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Transtheoretical model of behavioral change

With my Health psychology book firmly in hand (7th edition by Shelley E. Taylor) I have been reviewing the cycle of behavioral change. I am not ashamed to admit, I often go back to my text books, and source materials, to refresh all of this information. I would rather take the time to re-read it, than post something that was a misinterpretation!

As we had discussed last time, there are good times for advice, and bad times. If we better understand the process of behavioral changes, we will better understand when our friends will accept support from us, and when our support might push them away.

Prachaska et al. (1992) originally developed the transtheoretical model of behavioral change. I know the name is a bit scary, but bear with me. It is simply the stages we go through to remove an unwanted behavior and adopt a new one. This is often a very long, and sometimes tedious process, as anyone who has successfully given up smoking, or alcohol might tell you. The important thing to keep in mind in this is that people often go from stage to stage, backwards and forwards. Sometimes people go from “I am ready to change,” to “change is too hard for me right now.”

For explanations using this model, we will talk about a person who smokes as they decide to give it up.

Without further ado, here are the components of the model.

1. Precontemplation – At this stage, a person sees no problem with their behavior. They also have no idea of the danger the behavior causes. So if someone was a smoker and you told them “hey that is bad for you!!” when they were in a precontemplative stage, they would be very likely to mistrust you. The smoking person may become defensive and simply ignore the other person giving this information, as it causes less dissonance to the smoker if they ignore this information than accept that they are hurting themselves. This is a dangerous stage to give advice to unless it is presented as educational. If it is shocking material, they will tend to disregard it.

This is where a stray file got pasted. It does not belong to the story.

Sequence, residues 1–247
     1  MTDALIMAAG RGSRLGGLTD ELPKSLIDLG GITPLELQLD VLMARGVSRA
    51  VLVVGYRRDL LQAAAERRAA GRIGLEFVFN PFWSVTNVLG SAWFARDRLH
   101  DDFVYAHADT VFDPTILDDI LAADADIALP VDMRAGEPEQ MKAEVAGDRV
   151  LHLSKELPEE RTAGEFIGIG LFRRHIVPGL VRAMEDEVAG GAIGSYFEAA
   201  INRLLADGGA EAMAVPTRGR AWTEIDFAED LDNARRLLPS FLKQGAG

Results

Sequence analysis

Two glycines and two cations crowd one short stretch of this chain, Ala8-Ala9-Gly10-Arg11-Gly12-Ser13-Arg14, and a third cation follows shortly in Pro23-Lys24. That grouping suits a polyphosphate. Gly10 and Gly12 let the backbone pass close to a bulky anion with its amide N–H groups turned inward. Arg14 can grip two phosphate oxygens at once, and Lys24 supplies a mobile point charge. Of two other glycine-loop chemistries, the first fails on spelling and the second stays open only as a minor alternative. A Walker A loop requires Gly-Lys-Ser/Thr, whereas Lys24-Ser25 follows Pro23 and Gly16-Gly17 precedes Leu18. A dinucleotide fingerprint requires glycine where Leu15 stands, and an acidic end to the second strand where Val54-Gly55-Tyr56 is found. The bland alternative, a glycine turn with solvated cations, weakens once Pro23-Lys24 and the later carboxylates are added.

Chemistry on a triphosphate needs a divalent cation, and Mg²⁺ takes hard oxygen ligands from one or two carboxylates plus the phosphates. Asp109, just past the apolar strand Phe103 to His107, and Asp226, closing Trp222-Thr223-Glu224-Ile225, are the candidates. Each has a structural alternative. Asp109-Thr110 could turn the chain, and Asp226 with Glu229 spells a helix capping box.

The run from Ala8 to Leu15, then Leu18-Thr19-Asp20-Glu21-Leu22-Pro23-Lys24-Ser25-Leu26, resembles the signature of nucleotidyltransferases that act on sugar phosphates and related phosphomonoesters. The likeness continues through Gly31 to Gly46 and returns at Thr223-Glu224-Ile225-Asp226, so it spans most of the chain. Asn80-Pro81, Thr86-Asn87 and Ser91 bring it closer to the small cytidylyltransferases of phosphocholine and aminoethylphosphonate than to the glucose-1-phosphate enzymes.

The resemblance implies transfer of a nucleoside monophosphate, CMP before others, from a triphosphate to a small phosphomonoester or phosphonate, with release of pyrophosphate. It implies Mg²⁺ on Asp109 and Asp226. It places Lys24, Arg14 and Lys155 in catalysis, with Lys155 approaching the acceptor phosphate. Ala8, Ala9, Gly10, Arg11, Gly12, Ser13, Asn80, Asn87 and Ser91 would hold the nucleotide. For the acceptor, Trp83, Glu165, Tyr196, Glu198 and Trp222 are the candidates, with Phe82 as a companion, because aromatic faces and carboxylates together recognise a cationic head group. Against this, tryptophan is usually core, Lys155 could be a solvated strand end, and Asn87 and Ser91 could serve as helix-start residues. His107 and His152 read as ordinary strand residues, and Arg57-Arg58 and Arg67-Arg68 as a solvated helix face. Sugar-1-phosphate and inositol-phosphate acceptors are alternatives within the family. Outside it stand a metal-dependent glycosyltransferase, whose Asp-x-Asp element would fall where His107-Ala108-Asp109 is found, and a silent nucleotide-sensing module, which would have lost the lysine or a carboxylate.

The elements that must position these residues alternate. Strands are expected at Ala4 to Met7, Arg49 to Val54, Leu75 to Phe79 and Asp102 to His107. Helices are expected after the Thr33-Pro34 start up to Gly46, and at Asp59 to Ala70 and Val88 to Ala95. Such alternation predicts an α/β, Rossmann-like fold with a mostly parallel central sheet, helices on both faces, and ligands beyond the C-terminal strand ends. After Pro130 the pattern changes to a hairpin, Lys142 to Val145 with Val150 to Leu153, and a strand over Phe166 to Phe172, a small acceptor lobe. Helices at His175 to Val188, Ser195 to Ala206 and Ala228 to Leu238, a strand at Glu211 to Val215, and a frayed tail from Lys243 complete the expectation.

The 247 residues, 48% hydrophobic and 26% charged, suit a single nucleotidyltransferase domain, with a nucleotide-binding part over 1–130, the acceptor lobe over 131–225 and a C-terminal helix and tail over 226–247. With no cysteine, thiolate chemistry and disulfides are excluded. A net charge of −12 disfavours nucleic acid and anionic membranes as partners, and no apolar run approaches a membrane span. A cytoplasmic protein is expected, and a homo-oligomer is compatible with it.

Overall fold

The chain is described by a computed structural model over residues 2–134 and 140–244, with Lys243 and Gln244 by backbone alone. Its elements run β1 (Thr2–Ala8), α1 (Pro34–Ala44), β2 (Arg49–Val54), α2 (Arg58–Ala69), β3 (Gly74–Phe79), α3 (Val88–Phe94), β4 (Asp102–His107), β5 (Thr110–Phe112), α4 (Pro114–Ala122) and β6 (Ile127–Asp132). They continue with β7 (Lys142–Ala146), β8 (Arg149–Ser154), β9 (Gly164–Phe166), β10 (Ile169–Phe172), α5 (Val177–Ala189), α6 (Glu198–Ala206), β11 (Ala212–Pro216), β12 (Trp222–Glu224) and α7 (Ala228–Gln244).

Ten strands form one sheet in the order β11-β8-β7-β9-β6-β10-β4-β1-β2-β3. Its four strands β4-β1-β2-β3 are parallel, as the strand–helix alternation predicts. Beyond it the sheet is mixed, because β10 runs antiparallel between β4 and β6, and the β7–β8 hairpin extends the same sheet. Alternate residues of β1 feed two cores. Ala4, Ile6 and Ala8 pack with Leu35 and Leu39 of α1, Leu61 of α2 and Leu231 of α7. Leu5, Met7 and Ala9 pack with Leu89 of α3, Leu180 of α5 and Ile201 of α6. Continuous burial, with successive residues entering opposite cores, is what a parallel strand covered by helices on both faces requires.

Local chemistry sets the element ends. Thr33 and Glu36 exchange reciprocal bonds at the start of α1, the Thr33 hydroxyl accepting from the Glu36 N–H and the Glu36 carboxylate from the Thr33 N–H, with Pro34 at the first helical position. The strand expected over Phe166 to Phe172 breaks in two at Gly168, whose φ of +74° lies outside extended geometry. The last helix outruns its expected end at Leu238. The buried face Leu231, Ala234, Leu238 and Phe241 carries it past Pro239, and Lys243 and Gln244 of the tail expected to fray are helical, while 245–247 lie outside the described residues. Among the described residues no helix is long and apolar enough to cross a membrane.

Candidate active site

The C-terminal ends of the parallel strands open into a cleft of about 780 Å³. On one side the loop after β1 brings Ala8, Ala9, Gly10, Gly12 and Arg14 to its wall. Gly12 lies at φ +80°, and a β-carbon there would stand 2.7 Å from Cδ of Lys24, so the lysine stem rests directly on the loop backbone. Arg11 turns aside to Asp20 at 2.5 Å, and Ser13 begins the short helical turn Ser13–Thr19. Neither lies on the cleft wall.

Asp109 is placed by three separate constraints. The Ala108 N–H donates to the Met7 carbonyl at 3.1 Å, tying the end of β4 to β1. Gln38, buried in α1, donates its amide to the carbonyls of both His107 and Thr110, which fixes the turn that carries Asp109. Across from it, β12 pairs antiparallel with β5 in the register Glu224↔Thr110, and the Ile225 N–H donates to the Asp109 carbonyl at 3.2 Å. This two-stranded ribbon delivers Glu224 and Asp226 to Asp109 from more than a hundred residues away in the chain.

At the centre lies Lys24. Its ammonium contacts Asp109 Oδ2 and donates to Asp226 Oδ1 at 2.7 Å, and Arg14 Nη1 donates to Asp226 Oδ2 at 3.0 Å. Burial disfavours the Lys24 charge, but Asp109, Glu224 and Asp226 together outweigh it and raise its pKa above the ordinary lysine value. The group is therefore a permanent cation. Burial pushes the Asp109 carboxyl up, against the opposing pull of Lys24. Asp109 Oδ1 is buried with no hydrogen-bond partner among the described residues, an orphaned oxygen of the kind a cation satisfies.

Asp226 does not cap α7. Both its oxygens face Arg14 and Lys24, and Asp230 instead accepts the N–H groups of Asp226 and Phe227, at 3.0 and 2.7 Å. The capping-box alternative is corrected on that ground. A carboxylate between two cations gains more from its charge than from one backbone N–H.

2. Contemplation – This is the where stage a lot of people get stuck. They acknowledge the problem that they have, but they have not made a commitment to changing their behavior yet. For our smoking friend, it would be quite a challenge for them to start the process of giving up smoking as they see it as a large stressful event. At this stage, we do not need to inform them of the shocking ways they can die, but instead show our support for them in general.

3. Preparation – This is when a person has made up there mind that they will try to tackle this behavior. Often times, people relapse, and end up back in this position. Sometimes, a stressful event occurs and people have to manage it before they can deal with the stress of behavioral change. Our smoking friend may have just had a death in the family, and cannot deal with the added stress of giving up smoking, so we should simply wait for them to be clear of other major stressors. At this point, one can help their friends by asking their friends to make clearly defined goals. “What will your life be like when you overcome this obstacle?”

4. Action – This is when the individual begins to actually stop the behavior. This is a very stressful time, at least in the beginning. Our smoking friend is probably struggling to stay on track, but over time our friend gets more stabilized. It is at this time we can really talk about the terrible dangers of smoking, and we can talk about how their new life choices are going to make them live 30 years longer than if they had smoked. By showing them how positive their current behavior is, it really serves to empower them.

5. Maintenance – After the major withdrawals have come and gone, and the person has given up a particular behavior, they now must work to maintain it. This is more about consistency than anything else. Do not expose yourself to stimuli or environment that will lead you to those negative behaviors. Shape your home environment to support you new healthier lifestyle, etc. At this time, you can continue to discuss how their current positive choices have lead them to had a better quality of life.

Giving our support

When it comes to giving our support, we must see on which stage someone is. If we see someone is in preparation or action, the advice we give would be quite different than someone in precontemplation. It really does hurt to see our friends deny that something like smoking causes any health issues, and we have to hold our tongues. The best idea is to refer them to non-politicized educational information about what tobacco does without all of the shock and awe that is typical of the day. The best messages are ones that are not only informative, but also carry the message of empowering the user. “Not only is this behavior bad, but you have the power to rise above it. You are stronger than some minor addiction, and you can remove it from your life.”

Once again, there is not a one-size-fits-all message we can give to everyone to prevent the behaviors from occurring. By looking at the stages, we can get an idea of what type of information may be better than others. Remember – Advise responsibly!


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